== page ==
Don't Call it a Comeback: Experimental Music's Rebirth StoriesThis issue of Musicworks features experimental music that has been reborn in a variety of ways. From restaging Cage and Duchamp's Reunion, to repurposing English renaissance m...
#111 Winter 2011 [MAGAZINE + CD]
Released in: Canada
Don't Call it a Comeback: Experimental Music's Rebirth StoriesThis issue of Musicworks features experimental music that has been reborn in a variety of ways. From restaging Cage and Duchamp's Reunion, to repurposing English renaissance music for new opera, to finding one's way through writer's block, the music and musicians featured in this issue have risen from the ashes to create exciting new sound worlds!
Nico Muhly-Old-Fashioned Innovationby Julian Cowley
Article Summary:New York-based composer, blogger, and gourmand Nico Muhly, in London for the staging of his debut opera Two Boys, talks about the pleasure and the craft of composition. He discusses the usefulness of his musical training at Juilliard, the lessons he gained from the experience of working for Philip Glass, and the discipline of making arrangements for pop songs. He reflects on his preference for narrative clarity and coherence with reference to his undergraduate study of English literature, while the devotion to the Anglican choral tradition that is clearly audible in some of his music is traced to his days as a boy chorister.
Clint Conley and Hildegard Westerkamp: Don't Call it a Comebackby Jonathan Bunce
Article Summary:This article examines two very different artists-American post-punk rock musician Clint Conley, of the Boston quartet Mission of Burma, and Canadian composer Hildegard Westerkamp, an early member of the World Soundscape Project-and their on-again, off-again relationship with musical creativity. These two artists' stories illustrate how creative dormancy is very much a part of the creative process, and show that, while life issues sometimes make pressing demands on our energies, so that finding the space to create becomes ever more challenging, the instinct to make art can still assert itself with commanding force.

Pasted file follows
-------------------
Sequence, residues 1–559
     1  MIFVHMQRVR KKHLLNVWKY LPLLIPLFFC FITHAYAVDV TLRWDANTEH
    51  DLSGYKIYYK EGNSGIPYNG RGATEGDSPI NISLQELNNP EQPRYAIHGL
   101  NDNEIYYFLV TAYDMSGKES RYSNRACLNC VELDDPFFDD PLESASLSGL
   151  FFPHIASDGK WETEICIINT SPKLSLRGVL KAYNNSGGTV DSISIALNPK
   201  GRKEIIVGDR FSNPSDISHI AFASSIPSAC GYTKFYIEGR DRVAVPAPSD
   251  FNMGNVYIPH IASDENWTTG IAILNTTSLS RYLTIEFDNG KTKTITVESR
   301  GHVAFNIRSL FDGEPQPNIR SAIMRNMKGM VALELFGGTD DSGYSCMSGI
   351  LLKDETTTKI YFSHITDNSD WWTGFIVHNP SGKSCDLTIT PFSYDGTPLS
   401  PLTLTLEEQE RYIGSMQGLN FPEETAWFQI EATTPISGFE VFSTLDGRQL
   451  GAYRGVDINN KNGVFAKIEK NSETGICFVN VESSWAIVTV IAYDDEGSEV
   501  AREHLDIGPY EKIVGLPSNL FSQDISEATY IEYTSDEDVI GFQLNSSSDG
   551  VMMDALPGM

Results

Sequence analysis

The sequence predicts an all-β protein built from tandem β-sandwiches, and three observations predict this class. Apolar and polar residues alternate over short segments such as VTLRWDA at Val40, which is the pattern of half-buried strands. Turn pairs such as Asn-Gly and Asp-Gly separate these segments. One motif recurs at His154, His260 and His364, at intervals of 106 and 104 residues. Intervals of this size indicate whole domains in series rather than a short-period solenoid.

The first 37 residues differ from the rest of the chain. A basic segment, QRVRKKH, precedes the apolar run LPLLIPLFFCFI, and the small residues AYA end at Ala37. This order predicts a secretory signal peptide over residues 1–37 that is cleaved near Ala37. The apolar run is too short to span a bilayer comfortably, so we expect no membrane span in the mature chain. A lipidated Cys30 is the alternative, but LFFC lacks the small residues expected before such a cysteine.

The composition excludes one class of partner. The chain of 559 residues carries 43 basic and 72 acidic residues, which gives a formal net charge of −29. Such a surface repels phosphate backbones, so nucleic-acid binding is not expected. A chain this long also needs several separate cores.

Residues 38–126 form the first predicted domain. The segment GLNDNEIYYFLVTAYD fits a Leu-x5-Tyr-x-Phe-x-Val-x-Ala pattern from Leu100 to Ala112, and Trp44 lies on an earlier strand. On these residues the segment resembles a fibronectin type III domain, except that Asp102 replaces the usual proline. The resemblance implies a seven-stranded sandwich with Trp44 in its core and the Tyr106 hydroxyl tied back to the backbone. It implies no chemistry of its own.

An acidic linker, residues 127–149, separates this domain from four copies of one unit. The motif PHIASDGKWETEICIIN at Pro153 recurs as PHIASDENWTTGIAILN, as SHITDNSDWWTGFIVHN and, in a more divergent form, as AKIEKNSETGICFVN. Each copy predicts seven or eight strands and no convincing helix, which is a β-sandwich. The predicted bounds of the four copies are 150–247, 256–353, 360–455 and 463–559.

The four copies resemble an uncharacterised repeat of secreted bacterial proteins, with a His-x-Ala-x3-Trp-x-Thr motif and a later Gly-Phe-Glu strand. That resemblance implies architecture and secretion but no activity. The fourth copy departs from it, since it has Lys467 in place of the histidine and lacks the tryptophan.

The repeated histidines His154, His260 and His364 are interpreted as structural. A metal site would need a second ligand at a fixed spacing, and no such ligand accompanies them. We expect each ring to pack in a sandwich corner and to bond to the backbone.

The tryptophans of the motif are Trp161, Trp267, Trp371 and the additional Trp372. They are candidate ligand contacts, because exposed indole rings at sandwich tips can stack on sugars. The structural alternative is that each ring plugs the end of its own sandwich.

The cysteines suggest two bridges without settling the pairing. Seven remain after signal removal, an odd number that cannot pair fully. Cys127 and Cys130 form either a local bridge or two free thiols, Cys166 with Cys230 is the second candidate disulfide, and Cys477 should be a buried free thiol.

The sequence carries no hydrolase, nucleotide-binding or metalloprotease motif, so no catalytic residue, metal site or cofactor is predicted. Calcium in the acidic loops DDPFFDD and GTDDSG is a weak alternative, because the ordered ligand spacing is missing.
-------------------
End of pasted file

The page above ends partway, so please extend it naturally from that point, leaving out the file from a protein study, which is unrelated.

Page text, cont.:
Brian Ruryk: Post No-Wave Guitar Noise.by Nick Storring
Article Summary:Brian Ruryk has long been a part of Toronto's experimental music community. He has developed a highly idiosyncratic sound, employing maimed guitars, junk being hurled every which way, and rapid-fire pause-button edits. Taking cues from musique concrète, the abstract end of guitar improv, and no wave, Ruryk's current work has won him the support of the local noise community. Yet his gestural and dense work has never neatly fit anywhere. This article charts Ruryk's move through various scenes over the span of his more-than-three-decade career, and discusses his peculiar aesthetic and approach.
Cage, Duchamp: Reunion of REUNIONby Chris Kennedy
A look at the restaging of REUNION, the 1968 chess match between Marcel Duchamp and John Cage. In 2010, two of Cage's colleagues and a few inheritors of Cage and Duchamp's legacy performed during an all-night festival that both paid homage to and reinvented the original occasion.
How to make a light-controlled mixer: Go to the dark side and start controlling sound!by Rob Cruickshank
In this iteration of our DIY, resident tech guru Rob Cruickshank takes gestural sound control old school! We give step-by-step instructions on how to build a simple passive circuit, based on light-dependent resistors that mix two audio signals, based on the amount of light falling on its sensors.
Sound Bite: Writer Nick Storring profiles electroacousitc wunderkind Adam Basanta.
Sonic Geography: This issue features "the Kitchen Chorus" by Ingrid Rose, the first place winner of our inaugural Sonic Geography Writing Contest.
In the Works: Trombonist Scott Thomson talks to Gloria Lipski about the development of AGOrienteering, the latest in his cartographic compositions for musicians and audiences.
Visions of Sound: Composer and sound artist Sarah Peebles has build and installed a wunderkammer-cabinet of curiosities called Pollination Wunder Station at the Tree Museum in Bracebridge, Ontario. Part bio art, part sound installation, and part sculpture. It is one in a series of audio bee booths that are amplified habitat installations for solitary nesting bees and wasps.
Festival: Stuart Broomer reports on the FIMAV and Blair K. Ellis reports on the OK.Quoi?! Contemporary Arts Festival
Recordings:Tim Hecker's Ravedeath, 1972 and Standard Form Records
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Format: MAGAZINE + CD
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